Randall C. Resch

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When seconds count every minute the service provider is on scene increases the risk. Not only is Risk Management and Traffic Safety lacking in the Towing Industry you may find that it is lacking in some law enforcement agencies as well. Generally you'll find that the State Department of Transportation Agencies do a much better job in these areas. That can be related to this recent news story.

 

 

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... to that ... I personally believe that NO service calls are performed on highway shoulders, but quickly removed off-the-highway to a designated drop location of someplace off the highway. Highway response should not include the newly hired or inexperienced tow operator who is not trained in the dangers of highway response (minimally with TIM training).     R.

 


Randall C. Resch

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Dave Lambert preached this with his "Tow First to Save Lives" program. However, since Dave has passed the progress he was making has all but diminished. I see more road service vehicles and tow trucks changing tires in Hazardous Locations then ever before. What's it going to take for companies to change their service policies. What's it going to take for Motor Clubs to incentivize them to do the right thing. Insurance Companies may get involved at some point, but the more I research this the more disgusted I become.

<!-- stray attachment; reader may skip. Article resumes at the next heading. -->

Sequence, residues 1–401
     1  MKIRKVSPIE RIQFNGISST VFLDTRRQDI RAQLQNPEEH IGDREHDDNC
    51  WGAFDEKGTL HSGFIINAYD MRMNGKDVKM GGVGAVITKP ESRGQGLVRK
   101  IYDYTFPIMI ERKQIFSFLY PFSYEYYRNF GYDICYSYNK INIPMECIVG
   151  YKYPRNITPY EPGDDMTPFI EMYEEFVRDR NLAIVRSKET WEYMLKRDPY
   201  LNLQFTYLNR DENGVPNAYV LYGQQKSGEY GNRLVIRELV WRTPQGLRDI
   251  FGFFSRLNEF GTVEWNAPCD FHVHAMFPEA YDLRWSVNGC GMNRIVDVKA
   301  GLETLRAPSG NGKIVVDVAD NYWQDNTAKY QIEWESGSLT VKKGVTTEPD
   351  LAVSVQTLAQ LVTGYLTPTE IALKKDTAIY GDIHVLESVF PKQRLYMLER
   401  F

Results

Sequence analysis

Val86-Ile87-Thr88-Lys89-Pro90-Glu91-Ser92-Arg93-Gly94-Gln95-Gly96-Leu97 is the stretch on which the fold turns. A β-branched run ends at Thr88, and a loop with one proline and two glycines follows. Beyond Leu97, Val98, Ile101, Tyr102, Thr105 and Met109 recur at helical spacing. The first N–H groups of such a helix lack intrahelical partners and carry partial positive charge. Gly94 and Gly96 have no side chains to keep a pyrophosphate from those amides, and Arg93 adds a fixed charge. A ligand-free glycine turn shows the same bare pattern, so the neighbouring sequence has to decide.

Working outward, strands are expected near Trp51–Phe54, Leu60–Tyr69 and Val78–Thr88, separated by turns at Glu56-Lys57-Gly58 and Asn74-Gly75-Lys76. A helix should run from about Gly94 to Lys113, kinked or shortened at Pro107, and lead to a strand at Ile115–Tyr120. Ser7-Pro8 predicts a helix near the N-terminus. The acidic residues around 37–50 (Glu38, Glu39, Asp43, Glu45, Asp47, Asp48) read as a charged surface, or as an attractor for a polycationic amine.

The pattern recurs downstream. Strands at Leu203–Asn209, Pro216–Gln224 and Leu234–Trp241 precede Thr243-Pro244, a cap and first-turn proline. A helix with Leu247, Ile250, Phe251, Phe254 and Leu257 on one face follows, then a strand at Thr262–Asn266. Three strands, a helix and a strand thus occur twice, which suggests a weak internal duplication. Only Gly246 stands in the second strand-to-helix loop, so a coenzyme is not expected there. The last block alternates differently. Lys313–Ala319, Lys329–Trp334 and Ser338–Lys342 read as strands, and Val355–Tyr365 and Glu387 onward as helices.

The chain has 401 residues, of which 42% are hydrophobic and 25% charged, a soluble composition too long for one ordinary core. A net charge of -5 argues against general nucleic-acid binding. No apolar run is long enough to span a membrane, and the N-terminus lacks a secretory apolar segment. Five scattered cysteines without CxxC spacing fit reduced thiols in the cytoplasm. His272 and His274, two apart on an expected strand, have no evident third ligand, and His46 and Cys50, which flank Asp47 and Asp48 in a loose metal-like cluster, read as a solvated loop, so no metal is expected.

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On 8/19/2019 at 4:57 PM, rreschran said:

Not only did I change her tire and give her gas, I actually sat there 15-20 minutes listening to her tell me everything that happened in her day

Won't happen, if I have to I will be rude and say we are done let's go!!!


George - - Moore's BP
We'll see you on down the road